Tee Sanders says the face of homelessness is changing.
The things people are stigmatized for can speak volumes about a culture. As a series of stories, WFUV News is speaking with people who say they live with stigmas everyday. As part of the series, WFUV's Will Germain introduces us to a woman who hopes to break a couple sterotypes with her own story.
Tee Sanders has a Bachelor's degree in communications from Rowan University and a Masters in Criminal Justice from the Univesity of Baltimore. She's a mother, a motivational speaker, and the founder of a non-profit called Long Winding Roads Programs that mentors at risk youth. But she's also homeless. Sanders lost her financial footing after she pumped most of her money into starting her non-profit. She says she doesn't have a history of substance abuse or other risky behavior that led to her current situation.
"And my friends and family know that, but I was still embarressed because of that name, that stigma, that goes with being homeless"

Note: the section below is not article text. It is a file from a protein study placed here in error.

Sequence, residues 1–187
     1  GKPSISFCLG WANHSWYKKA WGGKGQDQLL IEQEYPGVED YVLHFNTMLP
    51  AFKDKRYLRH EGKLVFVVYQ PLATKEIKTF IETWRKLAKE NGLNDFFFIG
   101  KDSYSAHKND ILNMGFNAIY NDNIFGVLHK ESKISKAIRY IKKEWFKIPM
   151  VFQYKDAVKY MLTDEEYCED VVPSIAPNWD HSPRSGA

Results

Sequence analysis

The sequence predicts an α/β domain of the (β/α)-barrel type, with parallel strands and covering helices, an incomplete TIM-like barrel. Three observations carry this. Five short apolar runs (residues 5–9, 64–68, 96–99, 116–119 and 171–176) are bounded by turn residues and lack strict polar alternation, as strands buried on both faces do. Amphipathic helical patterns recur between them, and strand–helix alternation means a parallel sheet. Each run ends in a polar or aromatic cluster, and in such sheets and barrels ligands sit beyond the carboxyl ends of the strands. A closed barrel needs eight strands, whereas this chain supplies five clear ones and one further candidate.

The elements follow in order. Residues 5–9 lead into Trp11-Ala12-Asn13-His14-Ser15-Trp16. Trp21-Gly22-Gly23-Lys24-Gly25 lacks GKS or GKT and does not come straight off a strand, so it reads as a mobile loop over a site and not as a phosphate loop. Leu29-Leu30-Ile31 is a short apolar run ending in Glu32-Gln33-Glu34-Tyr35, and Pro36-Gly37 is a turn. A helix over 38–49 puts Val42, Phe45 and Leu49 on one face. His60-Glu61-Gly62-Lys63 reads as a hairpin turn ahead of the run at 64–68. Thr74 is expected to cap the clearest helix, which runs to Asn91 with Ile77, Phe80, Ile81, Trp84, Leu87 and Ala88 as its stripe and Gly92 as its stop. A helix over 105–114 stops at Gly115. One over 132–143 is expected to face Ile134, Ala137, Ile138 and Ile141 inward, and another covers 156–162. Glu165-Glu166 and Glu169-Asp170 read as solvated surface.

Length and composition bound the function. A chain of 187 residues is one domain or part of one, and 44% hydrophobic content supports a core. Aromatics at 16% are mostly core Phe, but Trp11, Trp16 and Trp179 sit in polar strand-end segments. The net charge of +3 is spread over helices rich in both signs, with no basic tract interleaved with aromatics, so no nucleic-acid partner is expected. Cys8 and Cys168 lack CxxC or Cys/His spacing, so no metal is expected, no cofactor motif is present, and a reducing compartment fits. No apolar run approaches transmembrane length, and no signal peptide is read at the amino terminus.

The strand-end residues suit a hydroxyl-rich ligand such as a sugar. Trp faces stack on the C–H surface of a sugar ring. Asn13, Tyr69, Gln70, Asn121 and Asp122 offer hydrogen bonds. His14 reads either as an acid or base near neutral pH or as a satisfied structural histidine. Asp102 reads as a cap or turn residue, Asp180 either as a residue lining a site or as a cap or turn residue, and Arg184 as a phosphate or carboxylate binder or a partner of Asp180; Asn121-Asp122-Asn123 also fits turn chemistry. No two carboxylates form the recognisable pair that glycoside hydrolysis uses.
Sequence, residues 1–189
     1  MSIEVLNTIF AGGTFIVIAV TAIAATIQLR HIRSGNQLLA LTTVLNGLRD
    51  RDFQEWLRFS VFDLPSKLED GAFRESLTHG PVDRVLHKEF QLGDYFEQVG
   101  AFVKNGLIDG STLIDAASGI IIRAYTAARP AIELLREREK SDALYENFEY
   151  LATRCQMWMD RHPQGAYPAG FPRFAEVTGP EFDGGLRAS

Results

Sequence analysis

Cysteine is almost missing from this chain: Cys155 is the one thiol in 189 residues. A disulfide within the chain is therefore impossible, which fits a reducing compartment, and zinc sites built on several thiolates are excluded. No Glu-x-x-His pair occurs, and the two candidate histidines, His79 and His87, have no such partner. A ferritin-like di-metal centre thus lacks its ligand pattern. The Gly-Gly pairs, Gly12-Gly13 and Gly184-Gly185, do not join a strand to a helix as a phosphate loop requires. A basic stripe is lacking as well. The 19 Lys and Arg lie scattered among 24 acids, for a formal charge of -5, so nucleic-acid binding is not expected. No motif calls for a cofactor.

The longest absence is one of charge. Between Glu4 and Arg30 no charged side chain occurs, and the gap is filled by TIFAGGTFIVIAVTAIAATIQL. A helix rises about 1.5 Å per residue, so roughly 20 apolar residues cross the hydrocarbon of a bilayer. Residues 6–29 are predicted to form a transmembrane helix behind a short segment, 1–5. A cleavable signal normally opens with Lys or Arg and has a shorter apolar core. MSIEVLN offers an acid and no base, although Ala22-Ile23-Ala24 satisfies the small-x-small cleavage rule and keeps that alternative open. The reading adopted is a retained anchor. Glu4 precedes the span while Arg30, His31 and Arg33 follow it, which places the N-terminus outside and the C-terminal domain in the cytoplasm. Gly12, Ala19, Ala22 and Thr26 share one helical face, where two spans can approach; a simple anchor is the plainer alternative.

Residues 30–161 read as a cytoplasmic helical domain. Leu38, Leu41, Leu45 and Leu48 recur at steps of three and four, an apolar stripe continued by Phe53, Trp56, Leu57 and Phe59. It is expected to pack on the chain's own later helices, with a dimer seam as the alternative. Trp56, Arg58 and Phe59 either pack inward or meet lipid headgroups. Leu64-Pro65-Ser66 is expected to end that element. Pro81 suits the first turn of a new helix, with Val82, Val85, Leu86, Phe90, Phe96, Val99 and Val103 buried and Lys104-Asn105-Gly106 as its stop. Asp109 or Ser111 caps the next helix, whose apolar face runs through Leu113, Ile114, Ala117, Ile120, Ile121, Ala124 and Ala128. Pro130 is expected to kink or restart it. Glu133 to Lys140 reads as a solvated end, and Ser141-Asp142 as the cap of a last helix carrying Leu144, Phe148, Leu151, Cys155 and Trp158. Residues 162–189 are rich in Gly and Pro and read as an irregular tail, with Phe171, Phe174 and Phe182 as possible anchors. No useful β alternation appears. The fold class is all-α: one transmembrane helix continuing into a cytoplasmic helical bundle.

Tee says the assumptions people have about the homeless - that many have mental illness, or suffer from addiction, are facts but they're not the only facts.
"The other piece is, the downturn of the economy has eroded the middle class. The lack of affordable housing is the number one cause for homelessness in America. You see a lot of people who are working and they can not afford housing."
She says the one thing she wants is for people to look past the superficial before they reach a conclusion about a homeless person.
"Just say good morning to a homeless person. And not just believe that they're degenerate. You have no idea what's behind that person's eyes."